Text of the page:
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Mexico

U.S. Supreme Court to Hear Mexico Border Shooting Case

The appeals court had originally ruled that U.S. Constitution laws did not apply to the case as Hernández was a Mexican citizen on Mexican soil

The west face of the U.S. Supreme Court in Washington D.C., photo: Wikipedia
By Reuters Whatsapp Twitter Facebook Share
1 year ago

WASHINGTON – The U.S. Supreme Court on Tuesday agreed to decide whether to revive a civil rights lawsuit filed by the family of a Mexican teenager against a U.S. Border Patrol agent who fatally shot the 15-year-old from across the border in Texas in 2010.

The justices will review an April 2015 ruling by the New Orleans-based 5th U.S. Circuit Court of Appeals that threw out the civil rights claims against the agent, Jesus Mesa, filed by the family of Sergio Hernández.

The appeals court ruled that the lawsuit could not move forward in part because the U.S. Constitution’s ban on unjustified deadly force did not apply to Hernández because he was a Mexican citizen on Mexican soil when the shooting occurred in June 2010.

The incident took place at a border crossing between El Paso, Texas and Ciudad Juárez, Mexico.

The U.S. Border Patrol said at the time that Hernández was pelting U.S. agents with rocks from the Mexican side of the Rio Grande before the shooting. U.S. authorities have asserted that Mesa shot Hernández in self-defense.

Lawyers for Hernández’s family disputed that account, saying he was playing a game with other teenagers in which they would run across a culvert from the Mexican side and touch the U.S. border fence before dashing back.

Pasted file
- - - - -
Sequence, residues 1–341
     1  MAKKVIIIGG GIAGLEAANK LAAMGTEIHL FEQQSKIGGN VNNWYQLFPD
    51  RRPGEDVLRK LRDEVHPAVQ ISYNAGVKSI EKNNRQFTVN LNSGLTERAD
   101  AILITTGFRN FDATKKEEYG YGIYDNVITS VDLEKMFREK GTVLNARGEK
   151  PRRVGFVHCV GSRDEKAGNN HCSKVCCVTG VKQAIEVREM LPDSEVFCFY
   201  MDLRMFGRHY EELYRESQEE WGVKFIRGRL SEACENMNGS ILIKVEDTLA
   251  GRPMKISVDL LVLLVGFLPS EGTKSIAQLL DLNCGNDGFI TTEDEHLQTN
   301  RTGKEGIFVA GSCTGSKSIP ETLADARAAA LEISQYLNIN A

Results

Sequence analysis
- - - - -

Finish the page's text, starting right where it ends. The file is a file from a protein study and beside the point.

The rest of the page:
The FBI also said Hernández was a known immigrant smuggler who had been pressed into service by smuggling gangs that took advantage of his youth. Hernández guided illegal immigrants into the United States, the FBI said.

Hernández’s family sued both the U.S. federal government and Mesa. The Supreme Court appeal only concerns the claims against Mesa.

The case was seized on by activists who accused the United States of using heavy-handed tactics in dealing with immigration and human smuggling.

The shooting was condemned by Mexico’s government and prompted demonstrations in Ciudad Juárez.

The court will hear oral arguments and decide the case in its current term, which ends in June. The justices also announced on Tuesday that they will hear three related cases on a similar legal question concerning whether immigrants detained after the Sept. 11 attacks who said they faced abusive treatment can sue government officials.

LAWRENCE HURLEY

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